Late Roman Army

The chlamys or paludamentum of a senior officer.

The external facade of York's river frontage.

The soldier, his family and slaves.

A soldier on leave.

Life In The Legion

Old-fashioned ranks were still retained alongside new titles. A legio would be probably commanded by a prefect, as would a fleet based at Praesidium. A praepositus commanded a detachment, or a post. It is likely that the Praesidiensis was commanded by a praepositus or a prefect. The last inscription of Roman Britain so far discovered tells us that the construction of the watchtower, burgus, at Ravenscar was carried out under Justinianus, a praepositus who may have been responsible for constructing all the watchtowers along the coast, and Vindicianus, the magister commanding the work party.

Officers received their commission from the Emperor Honorius via the office of the magister peditum, after serving as a protector, a sort of staff college come bodyguard. However influence and money could buy an appointment. The officer commanding the Praesidiensis would have been appointed by Stilicho himself, to serve under the Dux based in York.

There is evidence that the fortress of York was refurbished in the late fourth century, perhaps at the orders of Theodosius after the AD 367 conspiracy. The Minster undercroft contains some very fine painted wall plaster from a room built out into the portico space of the basilica. It has been suggested that this may have been one of the private rooms of the Dux himself. The so-called “Anglian Tower” behind York library may also have been built in the later fourth century. The multi-angular tower retains something of the riparian façade of the fortress.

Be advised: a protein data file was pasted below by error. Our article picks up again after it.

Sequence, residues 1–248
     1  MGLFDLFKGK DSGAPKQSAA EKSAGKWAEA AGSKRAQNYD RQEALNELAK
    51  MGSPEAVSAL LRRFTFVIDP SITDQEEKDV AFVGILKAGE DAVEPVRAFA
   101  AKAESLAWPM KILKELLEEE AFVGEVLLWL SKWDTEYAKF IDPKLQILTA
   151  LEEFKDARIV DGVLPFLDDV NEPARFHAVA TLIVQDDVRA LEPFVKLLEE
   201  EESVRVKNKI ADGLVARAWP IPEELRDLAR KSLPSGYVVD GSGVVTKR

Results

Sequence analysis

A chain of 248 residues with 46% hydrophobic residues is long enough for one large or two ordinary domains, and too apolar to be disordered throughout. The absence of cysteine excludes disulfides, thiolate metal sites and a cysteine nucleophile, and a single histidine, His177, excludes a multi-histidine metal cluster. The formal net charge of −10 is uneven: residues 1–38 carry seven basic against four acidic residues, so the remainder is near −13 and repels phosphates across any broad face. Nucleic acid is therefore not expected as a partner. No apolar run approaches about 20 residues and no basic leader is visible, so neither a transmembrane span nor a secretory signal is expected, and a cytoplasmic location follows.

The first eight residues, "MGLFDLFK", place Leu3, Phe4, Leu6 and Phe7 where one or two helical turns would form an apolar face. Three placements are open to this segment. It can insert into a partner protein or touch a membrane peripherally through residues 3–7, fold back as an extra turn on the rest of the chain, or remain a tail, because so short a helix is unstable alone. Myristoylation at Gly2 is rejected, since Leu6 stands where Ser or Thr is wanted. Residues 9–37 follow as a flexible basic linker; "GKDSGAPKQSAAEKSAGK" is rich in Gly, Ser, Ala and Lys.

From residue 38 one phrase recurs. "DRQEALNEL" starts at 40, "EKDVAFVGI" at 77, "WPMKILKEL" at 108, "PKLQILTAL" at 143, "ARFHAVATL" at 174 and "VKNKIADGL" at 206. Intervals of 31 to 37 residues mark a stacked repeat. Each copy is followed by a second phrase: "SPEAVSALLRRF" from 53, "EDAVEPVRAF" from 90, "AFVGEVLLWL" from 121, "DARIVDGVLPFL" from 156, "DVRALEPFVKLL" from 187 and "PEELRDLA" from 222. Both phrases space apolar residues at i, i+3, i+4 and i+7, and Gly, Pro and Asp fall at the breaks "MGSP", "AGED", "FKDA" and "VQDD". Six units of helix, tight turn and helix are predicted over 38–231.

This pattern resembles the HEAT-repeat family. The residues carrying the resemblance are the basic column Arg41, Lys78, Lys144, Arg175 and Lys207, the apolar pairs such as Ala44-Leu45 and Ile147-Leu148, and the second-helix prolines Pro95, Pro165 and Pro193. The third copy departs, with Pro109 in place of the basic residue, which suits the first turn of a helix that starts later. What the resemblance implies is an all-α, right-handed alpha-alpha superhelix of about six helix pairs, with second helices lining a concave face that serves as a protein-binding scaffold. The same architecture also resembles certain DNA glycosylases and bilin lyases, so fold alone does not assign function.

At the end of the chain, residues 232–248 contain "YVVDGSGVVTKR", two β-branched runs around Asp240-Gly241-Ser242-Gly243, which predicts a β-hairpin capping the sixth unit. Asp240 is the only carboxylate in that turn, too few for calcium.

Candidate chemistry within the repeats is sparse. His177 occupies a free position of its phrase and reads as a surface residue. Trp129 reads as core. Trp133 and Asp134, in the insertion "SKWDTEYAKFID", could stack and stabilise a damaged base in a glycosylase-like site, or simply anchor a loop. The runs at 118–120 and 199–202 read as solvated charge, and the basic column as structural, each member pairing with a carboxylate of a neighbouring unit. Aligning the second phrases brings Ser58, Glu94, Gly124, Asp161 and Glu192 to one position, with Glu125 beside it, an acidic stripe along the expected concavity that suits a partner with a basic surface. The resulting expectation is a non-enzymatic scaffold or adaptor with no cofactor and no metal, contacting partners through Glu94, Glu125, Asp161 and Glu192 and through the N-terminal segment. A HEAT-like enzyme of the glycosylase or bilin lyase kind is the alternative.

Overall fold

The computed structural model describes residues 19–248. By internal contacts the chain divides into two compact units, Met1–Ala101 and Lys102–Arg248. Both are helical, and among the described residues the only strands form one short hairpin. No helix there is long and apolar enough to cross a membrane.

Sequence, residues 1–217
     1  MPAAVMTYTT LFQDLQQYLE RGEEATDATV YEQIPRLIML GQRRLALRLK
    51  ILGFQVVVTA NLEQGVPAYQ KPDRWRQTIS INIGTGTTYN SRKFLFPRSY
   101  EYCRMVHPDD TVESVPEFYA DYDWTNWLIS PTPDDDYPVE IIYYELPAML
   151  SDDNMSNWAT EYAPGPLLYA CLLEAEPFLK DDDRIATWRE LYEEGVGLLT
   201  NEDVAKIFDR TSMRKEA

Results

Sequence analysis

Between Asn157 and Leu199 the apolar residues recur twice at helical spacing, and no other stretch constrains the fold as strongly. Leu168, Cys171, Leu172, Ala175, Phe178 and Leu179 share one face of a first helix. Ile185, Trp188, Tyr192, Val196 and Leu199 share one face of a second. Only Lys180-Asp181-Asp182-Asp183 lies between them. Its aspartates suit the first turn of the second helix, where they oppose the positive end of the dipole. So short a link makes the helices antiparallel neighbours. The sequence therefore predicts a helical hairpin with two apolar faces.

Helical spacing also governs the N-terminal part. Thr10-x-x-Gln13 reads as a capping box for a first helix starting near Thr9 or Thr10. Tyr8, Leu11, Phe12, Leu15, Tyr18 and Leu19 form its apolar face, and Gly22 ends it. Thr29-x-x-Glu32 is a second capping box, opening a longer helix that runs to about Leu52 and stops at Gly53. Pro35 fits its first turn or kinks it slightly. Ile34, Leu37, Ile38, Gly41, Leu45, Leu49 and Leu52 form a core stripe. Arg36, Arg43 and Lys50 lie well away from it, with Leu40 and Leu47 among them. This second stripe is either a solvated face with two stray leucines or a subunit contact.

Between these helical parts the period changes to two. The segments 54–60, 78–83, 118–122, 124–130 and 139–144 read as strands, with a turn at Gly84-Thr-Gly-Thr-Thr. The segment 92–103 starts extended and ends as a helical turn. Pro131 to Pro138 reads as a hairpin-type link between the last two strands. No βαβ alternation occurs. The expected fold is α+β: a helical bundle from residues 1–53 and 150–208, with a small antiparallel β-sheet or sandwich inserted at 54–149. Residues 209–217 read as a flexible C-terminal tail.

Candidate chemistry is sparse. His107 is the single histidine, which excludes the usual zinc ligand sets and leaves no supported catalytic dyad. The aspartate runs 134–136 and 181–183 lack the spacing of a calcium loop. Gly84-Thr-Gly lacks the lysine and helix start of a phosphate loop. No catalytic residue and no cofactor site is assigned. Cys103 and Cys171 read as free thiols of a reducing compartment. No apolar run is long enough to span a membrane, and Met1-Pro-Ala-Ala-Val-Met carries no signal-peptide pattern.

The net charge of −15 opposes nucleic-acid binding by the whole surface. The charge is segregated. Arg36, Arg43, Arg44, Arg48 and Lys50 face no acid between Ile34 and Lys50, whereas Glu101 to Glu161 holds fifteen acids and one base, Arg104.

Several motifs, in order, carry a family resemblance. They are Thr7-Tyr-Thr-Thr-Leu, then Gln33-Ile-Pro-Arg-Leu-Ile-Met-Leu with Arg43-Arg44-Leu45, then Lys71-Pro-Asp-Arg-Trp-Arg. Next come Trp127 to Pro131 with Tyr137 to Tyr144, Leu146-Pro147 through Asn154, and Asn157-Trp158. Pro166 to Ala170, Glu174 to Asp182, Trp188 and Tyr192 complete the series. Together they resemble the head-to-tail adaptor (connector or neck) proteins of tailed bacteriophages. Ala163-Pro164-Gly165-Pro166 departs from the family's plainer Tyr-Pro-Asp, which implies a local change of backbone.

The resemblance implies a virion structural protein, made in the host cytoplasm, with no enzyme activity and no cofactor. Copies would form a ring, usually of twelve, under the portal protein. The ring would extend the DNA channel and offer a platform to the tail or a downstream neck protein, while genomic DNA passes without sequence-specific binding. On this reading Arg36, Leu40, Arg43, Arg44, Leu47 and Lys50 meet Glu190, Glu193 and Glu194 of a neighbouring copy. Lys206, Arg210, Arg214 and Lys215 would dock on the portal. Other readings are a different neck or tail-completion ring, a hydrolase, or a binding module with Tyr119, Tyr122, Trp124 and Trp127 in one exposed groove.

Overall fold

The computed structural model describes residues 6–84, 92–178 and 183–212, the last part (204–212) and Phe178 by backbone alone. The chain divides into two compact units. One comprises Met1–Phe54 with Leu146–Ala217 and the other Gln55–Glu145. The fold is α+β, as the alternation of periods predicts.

Promotion was decided by length of service, added by bribery. Ranks in new units were in order of seniority, semissalis (1 ½ rations), circitor & biarchus (2 rations), centenarius possibly the commander of 100 men (2 ½ rations), ducenarius who commanded 200 men (3 ½ rations), senator (4 rations) and primicerius (5 rations). Rations seem to have been generous, and designed to feed the soldier, his family and slaves.

Senior officers would be in receipt of large quantities of rations, part of which could be transmuted into money. They certainly could legally draw rations which belonged to their men. Custom also allowed them to continue drawing rations for dead and missing soldiers. In AD 443 it is recorded that limitanei lost one twelfth of the annonae or rations, to the dux, the priceps on his staff, and the praeposti of the forts. NCO’s often chose to serve more than their allotted 24 years.

There were also specialists like the drill instructor, the campidoctor, the standard bearer, draconarius, the trumpeter or bucinator and the medicus. Transfers between units were discouraged, and Stilicho reminded his officers in AD 400 that such transfers needed imperial authorisation. Soldiers, commonly called pedes, could obtain a commission by becoming one of the protectors, under the magistri militum.

Leave is something of a grey area. Initially it would have had to be granted by the Dux in York, however by AD 402 the unit commander may have been able to grant leave to a certain number of men at one time.